The Telegraph
Wednesday , October 31 , 2012
Since 1st March, 1999
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Banks face tighter loan rejig norms

Mumbai, Oct. 30: The Reserve Bank of India today raised the provisioning requirement for restructured corporate debt to 2.75 per cent from 2 per cent at present, deepening worries for some public sector banks that have been struggling to deal with the burden of bad loans amid a slowdown.

Analysts said the move would hurt the Bank of India, Allahabad Bank, Corporation Bank and Punjab National Bank among others.

Banks have been in talks to recast the loans they extended to companies that have seen their businesses crater during the slowdown.

The corporate debt restructuring (CDR) mechanism is one mechanism through which a consortium of banks agrees to relax payment terms for roiled companies. The restructuring involves an extension of the loan tenure, reduction in the interest rate or conversion of debt into equity.

According to the current practice, such assets can be upgraded to the standard category (performing loans) after a company shows satisfactory performance in the year from the date when the first payment of interest or instalment of principal falls due under the terms of restructuring package.

Data from the RBI shows the number of CDR cases has jumped to a high of 392 as on March this year from 225 in March 2009, taking the amount at stake to Rs 2,06,493 crore from Rs 95,815 crore.

However, there have been also cases where restructured loans have slipped back into the NPA category. As per the current estimates, around 15 per cent of the total restructured book have slipped into the bad loan category for the industry as a whole.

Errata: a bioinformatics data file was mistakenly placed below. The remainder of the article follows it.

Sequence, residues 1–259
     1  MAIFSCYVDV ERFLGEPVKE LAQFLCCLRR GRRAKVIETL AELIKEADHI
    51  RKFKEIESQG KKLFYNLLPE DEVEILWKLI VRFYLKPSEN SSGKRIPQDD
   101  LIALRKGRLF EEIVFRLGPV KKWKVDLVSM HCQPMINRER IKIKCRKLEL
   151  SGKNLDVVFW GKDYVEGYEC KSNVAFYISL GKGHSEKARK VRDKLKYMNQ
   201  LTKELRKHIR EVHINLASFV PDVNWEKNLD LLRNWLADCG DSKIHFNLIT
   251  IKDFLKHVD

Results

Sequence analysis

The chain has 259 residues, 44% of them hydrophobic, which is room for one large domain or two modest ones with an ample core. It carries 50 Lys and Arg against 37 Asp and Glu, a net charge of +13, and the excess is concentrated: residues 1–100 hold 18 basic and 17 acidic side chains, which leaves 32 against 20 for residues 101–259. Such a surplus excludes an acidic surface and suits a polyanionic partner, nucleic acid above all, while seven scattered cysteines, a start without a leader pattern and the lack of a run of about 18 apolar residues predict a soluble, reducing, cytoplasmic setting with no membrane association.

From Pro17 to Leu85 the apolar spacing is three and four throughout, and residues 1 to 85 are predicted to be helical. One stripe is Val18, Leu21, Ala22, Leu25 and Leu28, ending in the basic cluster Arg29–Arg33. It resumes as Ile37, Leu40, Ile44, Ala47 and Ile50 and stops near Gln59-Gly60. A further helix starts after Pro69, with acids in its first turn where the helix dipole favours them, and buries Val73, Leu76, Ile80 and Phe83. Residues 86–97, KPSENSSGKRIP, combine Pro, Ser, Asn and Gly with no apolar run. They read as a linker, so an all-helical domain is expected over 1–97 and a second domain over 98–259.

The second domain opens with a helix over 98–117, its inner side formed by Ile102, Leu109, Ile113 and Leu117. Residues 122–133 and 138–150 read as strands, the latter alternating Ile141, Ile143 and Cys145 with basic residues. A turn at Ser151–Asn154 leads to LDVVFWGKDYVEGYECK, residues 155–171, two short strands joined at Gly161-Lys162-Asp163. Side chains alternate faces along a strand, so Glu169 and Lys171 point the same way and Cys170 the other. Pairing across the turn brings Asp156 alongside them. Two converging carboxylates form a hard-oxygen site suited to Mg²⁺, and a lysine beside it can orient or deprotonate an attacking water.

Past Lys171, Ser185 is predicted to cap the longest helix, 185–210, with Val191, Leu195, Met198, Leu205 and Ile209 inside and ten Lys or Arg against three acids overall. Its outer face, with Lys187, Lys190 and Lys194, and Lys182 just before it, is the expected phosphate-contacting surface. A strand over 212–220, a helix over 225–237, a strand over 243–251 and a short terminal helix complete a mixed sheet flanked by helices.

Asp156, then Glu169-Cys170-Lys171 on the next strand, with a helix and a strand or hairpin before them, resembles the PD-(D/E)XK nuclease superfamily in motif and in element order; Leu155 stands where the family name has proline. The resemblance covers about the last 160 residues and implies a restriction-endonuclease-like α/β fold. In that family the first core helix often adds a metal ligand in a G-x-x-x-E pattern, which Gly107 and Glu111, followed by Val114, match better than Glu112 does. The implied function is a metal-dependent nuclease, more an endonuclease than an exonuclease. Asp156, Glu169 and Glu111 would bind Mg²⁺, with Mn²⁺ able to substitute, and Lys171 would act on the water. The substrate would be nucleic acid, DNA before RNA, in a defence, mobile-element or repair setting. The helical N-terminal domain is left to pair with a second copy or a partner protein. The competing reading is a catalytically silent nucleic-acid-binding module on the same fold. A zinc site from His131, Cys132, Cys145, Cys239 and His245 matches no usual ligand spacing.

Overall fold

The central bank had appointed a working group headed by B. Mahapatra to review existing guidelines on restructuring of advances by banks. The working group had recommended that due to the risk in assets classified as standard after restructuring, the provision requirement on these accounts should be increased from 2 per cent to 5 per cent in a phased manner over a two-year period. I t had suggested that the rate should be raised to 3.5 per cent in the first year (this fiscal) and 5 per cent in the second year.

RBI deputy governor Anand Sinha said the RBI had decided to raise the provisioning requirement to 2.75 per cent with immediate effect because half the year was already over. He added that draft guidelines pursuant to the recommendations made by the Mahapatra committee would be put out by the end of January after consultations with banks.

Kashyap Jhaveri, analyst at Emkay Global Financial Services, said the impact of the higher provisioning on banks’ profit before tax would range between 0.1 and 4.5 per cent in the current fiscal. Bank of India would be worst hit at 4.5 per cent. He estimated the impact on Allahabad Bank at 3.4 per cent, Corporation Bank at 3.3 per cent, and PNB at 2.9 per cent.

According to his estimates, Allahabad Bank would have to make an extra provision of Rs 80.5 crore. The provisioning burden on Bank of India would rise by Rs 160 crore. The burden would go up by Rs 125 crore in the case of Bank of Baroda, Rs 105 crore for Canara Bank. and Rs 209 crore for PNB.

SBI chairman Pratip Chaudhuri, however, told newspersons that the impact on the lender due to the higher provision would not be significant, estimating it at Rs 300 crore.

Banks were also instructed to put in place an effective mechanism by the end of December to share information on credit, derivatives and unhedged foreign currency exposures.

The RBI said that any sanction of fresh loans/ad-hoc loans/renewal of loans to new or existing borrowers with effect from January 1 should be made only after obtaining or sharing necessary information.

It also asked banks to put in place a proper mechanism to rigorously evaluate the risks arising from unhedged foreign currency exposures of corporates and price them in the credit risk premium.